YOU ARE AT:5GWhere on the hype cycle is 5G?

Where on the hype cycle is 5G?

5G entering the trough of disillusionment

The hype cycle is a tool developed by Gartner to help understand how particular technologies are regarded in terms of the reality of expectations as compared to how the technology is used over time. There are five phases: the technology trigger, the peak of inflated expectations, the trough of disillusionment, the slope of enlightenment and, finally, the plateau of productivity. Given the almost overwhelming industry buzz around 5G, where do we sit on the hype cycle?

In a recent podcast, Qualcomm Director of Product Marketing Sherif “The Modem Man” Hanna shared his thoughts.

“5G is in this interesting place right now on the hype curve,” he said. “The hype curve is almost like Moore’s Law … basically every technology goes through this cycle.” After passing through the trough of disillusionment and reaching the plateau of productivity, “the reality of what the technology is actually good for is somewhere in the middle between all the hype and all the disillusionment. I would say for 5G, we are slightly past peak hype and we are on the way to the trough of disillusionment.”

Hanna continued: “There is a little bit of backlash from some quarters because there has been so much hype around 5G form every corner. We even have the government of the United States involved in this conversation now. A lot of people are saying, they’re almost having an allergic reaction to this and saying, ‘This is all marketing hype, there is no substance whatsoever.’ That is not true at all.”

In December of last year, standards body 3GPP finalized the non-standalone 5G New Radio (NR) specification. Last week in La Jolla, Calif., the group approved the standalone version, which brings 5G functionality across the radio access and core network. Both milestones were achieved based on an accelerated schedule pushed by numerous companies, including Qualcomm. The three broad 5G use cases are enhanced mobile broadband, support for a massive number of internet of things (IoT) devices and mission critical applications that command ultra reliable low latency communications.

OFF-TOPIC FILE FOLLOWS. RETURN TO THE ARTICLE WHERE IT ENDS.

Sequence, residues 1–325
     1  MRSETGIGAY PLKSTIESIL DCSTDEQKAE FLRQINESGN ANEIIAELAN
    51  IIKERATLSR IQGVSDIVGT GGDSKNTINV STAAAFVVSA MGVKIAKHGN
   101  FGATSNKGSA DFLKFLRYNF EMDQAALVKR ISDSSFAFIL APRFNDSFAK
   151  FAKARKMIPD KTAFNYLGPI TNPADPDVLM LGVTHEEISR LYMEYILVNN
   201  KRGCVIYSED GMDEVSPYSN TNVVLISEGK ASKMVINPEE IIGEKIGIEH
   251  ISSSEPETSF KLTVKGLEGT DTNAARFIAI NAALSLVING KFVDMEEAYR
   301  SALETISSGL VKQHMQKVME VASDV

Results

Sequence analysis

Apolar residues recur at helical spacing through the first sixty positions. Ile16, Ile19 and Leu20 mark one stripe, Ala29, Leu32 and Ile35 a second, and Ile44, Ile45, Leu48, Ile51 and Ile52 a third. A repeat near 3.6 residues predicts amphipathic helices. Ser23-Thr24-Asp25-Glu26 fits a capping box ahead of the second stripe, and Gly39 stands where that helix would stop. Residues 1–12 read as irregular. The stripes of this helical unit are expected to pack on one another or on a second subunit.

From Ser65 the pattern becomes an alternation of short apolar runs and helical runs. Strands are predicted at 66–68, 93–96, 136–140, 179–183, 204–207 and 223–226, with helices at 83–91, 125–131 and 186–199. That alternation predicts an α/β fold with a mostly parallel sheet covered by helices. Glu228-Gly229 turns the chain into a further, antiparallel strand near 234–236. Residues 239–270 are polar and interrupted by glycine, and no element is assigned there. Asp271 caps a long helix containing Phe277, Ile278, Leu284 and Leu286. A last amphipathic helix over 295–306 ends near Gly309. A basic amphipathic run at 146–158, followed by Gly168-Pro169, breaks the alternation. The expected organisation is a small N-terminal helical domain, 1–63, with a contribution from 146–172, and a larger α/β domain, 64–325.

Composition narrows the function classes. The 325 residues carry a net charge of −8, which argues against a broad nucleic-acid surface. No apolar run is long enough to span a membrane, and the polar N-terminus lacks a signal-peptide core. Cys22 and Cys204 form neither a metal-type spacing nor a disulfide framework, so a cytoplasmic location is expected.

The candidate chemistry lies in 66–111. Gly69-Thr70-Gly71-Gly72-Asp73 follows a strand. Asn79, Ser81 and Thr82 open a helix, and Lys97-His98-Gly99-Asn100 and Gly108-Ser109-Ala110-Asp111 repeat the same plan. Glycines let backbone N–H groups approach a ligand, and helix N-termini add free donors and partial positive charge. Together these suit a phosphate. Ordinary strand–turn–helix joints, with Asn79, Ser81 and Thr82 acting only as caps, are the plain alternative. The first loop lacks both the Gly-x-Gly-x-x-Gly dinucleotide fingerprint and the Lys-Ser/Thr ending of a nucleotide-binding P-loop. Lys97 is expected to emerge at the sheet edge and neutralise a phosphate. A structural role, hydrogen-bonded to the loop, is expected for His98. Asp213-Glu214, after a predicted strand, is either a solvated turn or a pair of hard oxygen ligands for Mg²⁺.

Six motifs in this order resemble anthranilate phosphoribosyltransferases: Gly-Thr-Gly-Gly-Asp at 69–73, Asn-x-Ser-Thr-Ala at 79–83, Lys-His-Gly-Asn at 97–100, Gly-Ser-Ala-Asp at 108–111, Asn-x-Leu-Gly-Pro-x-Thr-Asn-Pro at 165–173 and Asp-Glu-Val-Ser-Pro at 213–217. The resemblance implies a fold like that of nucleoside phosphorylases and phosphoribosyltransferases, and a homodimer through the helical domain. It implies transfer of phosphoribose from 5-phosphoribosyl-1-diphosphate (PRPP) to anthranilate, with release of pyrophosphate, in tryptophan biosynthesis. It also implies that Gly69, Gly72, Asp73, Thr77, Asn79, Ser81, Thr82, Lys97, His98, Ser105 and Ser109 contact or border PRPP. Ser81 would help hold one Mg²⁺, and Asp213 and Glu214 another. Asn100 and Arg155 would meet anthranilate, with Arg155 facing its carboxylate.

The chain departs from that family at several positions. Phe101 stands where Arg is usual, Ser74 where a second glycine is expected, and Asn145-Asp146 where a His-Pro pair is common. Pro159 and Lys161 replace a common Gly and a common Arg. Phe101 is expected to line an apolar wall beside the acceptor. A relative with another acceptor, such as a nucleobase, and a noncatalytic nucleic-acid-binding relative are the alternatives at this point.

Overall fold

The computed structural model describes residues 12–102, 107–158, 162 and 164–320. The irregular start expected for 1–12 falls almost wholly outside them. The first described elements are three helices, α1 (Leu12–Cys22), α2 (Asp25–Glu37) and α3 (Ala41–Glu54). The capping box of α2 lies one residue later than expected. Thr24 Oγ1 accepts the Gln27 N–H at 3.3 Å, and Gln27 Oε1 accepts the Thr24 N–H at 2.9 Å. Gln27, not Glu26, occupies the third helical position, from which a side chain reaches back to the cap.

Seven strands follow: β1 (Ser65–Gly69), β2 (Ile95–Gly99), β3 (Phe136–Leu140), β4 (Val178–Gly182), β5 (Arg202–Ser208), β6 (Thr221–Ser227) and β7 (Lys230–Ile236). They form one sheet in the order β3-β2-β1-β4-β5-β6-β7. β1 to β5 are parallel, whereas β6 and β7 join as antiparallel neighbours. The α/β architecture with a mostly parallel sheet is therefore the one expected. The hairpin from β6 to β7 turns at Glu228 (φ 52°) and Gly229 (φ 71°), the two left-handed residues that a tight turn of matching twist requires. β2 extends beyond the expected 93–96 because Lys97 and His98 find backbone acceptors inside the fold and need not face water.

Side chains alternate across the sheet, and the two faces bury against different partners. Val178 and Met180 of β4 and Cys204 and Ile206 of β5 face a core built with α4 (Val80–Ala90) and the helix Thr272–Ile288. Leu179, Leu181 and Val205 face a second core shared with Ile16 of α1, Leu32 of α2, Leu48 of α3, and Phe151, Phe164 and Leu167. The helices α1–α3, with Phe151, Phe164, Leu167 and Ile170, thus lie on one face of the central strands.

“5G is not just about smartphones,” Hanna said. “Typically that’s what the cellular networks have been most concerned about. With 5G, this is the first time that we’re building a network from the ground up to comprehend stuff other than just the phones. The promise of that, once it’s fully realized, I don’t think we actually fully understand just how powerful it really will be.”

 

 

ABOUT AUTHOR

Sean Kinney, Editor in Chief
Sean Kinney, Editor in Chief
Sean focuses on multiple subject areas including 5G, Open RAN, hybrid cloud, edge computing, and Industry 4.0. He also hosts Arden Media's podcast Will 5G Change the World? Prior to his work at RCR, Sean studied journalism and literature at the University of Mississippi then spent six years based in Key West, Florida, working as a reporter for the Miami Herald Media Company. He currently lives in Fayetteville, Arkansas.

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